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Earl and I married in 1925. He (Uncle Pen) lived here in this little house. This ground belonged to Mr. Clarence Wilson. And, then we bought it back from Mr. Clarence Wilson in 1929. During the time Uncle Pen lived here, he was a riding a mule somewhere and it throwed him. [he was thrown] And I don't know whether it throwed [threw] his hip out of place or not, but my husband came out here one day and it was cool and Uncle Pen didn't have no wood and I think he (Earl) went and got Mr. Wilson and they went and got him (Uncle Pen) some wood and that was after he got hurt.

Now, I didn't know much about him 'til he moved here in this little house and Earl and married, and he come out to our house and spent the night with us. Earl's daddy was even living then, I don't even remember what they talked about, but I know what I cooked. - laughs.) It was late in the fall and Earl had killed a small hog we had, and you know when it's warm you can't keep so much meat. it will spoil you know. if you understand [the] farm, we'd wait until winter. So, he sold the hams and shoulders, and we kept the sausage and the liver and the side meat, and I'd been over to my mother's and got winesap apples. And, I remember the two things I cooked that night, I fried some of that fresh side meat and some of them apples and I had hot biscuits and I don't remember what else I had. I had, and the best I can remember, Earl's mother wasn't at home that night. She was living too, when we got married.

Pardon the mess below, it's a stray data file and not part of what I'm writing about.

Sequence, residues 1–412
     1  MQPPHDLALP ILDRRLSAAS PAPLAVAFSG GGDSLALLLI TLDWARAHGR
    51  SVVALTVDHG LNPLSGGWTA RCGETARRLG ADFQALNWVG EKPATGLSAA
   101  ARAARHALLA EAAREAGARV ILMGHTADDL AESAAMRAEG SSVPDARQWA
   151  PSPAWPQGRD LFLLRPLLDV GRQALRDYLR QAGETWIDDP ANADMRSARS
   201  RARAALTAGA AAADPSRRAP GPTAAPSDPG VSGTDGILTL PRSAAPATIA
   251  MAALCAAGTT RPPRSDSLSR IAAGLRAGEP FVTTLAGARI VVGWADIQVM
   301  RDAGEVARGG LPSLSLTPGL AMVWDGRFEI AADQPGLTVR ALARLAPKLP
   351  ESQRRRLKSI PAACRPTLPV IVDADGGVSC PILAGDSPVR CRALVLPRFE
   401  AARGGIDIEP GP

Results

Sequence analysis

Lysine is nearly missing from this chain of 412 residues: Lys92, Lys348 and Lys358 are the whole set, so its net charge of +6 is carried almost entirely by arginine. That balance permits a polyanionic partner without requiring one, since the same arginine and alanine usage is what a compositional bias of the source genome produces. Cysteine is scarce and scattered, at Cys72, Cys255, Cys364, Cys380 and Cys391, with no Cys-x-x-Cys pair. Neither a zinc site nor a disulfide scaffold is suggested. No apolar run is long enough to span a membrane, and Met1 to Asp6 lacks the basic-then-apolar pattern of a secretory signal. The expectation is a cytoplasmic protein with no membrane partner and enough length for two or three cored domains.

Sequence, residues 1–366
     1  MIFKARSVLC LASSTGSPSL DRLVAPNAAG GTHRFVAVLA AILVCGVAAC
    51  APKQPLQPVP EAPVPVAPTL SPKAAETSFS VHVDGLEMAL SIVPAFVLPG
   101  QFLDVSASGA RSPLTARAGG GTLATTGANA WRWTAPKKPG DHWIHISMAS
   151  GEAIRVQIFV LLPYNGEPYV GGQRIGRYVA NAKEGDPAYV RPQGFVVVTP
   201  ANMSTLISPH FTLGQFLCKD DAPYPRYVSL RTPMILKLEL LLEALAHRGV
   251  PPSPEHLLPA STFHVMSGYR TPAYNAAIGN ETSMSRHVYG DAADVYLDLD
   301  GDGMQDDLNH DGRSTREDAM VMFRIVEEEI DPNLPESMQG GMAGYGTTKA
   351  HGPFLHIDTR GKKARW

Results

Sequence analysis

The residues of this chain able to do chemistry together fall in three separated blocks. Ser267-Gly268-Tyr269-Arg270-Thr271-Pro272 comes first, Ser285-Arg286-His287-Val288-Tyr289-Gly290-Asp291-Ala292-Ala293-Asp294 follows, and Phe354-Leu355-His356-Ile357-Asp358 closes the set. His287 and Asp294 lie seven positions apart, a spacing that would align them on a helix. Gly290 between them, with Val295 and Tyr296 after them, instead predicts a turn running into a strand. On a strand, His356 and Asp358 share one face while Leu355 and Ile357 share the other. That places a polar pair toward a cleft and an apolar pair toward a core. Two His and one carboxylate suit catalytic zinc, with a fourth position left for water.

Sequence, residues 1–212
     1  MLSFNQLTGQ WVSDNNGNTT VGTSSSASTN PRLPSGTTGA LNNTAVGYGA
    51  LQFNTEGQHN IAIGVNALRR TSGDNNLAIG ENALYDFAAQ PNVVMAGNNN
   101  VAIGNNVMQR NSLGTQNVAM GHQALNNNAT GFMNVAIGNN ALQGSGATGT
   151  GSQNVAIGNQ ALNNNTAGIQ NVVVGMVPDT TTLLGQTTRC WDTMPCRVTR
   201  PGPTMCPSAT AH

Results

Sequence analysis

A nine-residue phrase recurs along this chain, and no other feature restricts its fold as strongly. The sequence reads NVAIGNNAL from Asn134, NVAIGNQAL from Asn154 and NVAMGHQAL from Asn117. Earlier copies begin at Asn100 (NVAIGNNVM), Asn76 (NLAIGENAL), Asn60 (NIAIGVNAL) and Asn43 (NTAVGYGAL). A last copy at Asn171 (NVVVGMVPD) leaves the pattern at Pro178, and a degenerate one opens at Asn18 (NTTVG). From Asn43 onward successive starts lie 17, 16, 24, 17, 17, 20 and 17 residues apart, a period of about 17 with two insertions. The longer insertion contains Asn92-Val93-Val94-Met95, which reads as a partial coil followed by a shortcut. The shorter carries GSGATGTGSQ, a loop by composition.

But, far as knowing anything much about Uncle Pen the, he went, and after he left here, he went over to Mr. Clarence Wilson's and lived with them awhile. He lived in the house with them and boarded. I don't think he would pay much, and I think he paid 'em some board and I think he stayed there awhile. I always thought, now I don't know if I'm telling it right, or not, but I always thought that he lived with Speed and Jeanie for awhile, now that was Rosetta's mother and father, but now I won't say that was the truth. But, as far as me knowing--I knew that he was Charlie and Bill and all the Monroes, their mother was a sister to him, she was a Vandiver. Oh, my aunt and uncle lived when Raley lived, her name was Melissa and Bill named one of his daughters Melissa and she died about two years [ago]. We moved from Olaton down here at Horton and my stepfather bought a farm over here on Vine Hill Road when I was 13 and she had passed away about two years before we moved down here. I heard my aunt talk about it, Aunt Lizzy Wilson and she was a sister-in-law to the one Uncle Pen lived with over across the bayou.

I guess I head Earl's mother say, but I don't remember, but I do know what killed Mr. Monroe, their daddy, died of pneumonia fever. Their daddy, he lived until my son was about a year old. My husband bought a horse drawn mowing machine. It was pulled by horse. It was pulled by horses, and [there were not] it wasn't very many of them. And Uncle Buck, that was Burch and Charlie and them's daddy, lived right over the hill there and he get Earl to come cut his day down (???) and he said that he never would forget when Maude and Berthe cook[ed]. Summertime when they had blackberries, Bill'd go out in the summertime, you know, and pick a big bucket of blackberries and he told Bertha before I died, "Bertha, I never will forget the blackberry pies you made.” And he'd hire work hands you know and they had all that big family and they'd eat and they'd cook dinner for them all, you know. Now days you take your lunch with you. Earl and I stripped a lot of tobacco, we worked awful hard, and we'd strip tobacco, and we never would go to the house and eat, we'd always take our dinner with us. We'd take off long enough, maybe about 15 minutes.

Uncle Pen, I can't tell you but very little about him. He was Earl's (She means Buck's) wife's brother and her name was Melissa. I don't know if he was older, but I guess he was younger and I think at one time he'd been married, now, I never did, but I never heard him, and I don't remember what he and Earl talked about.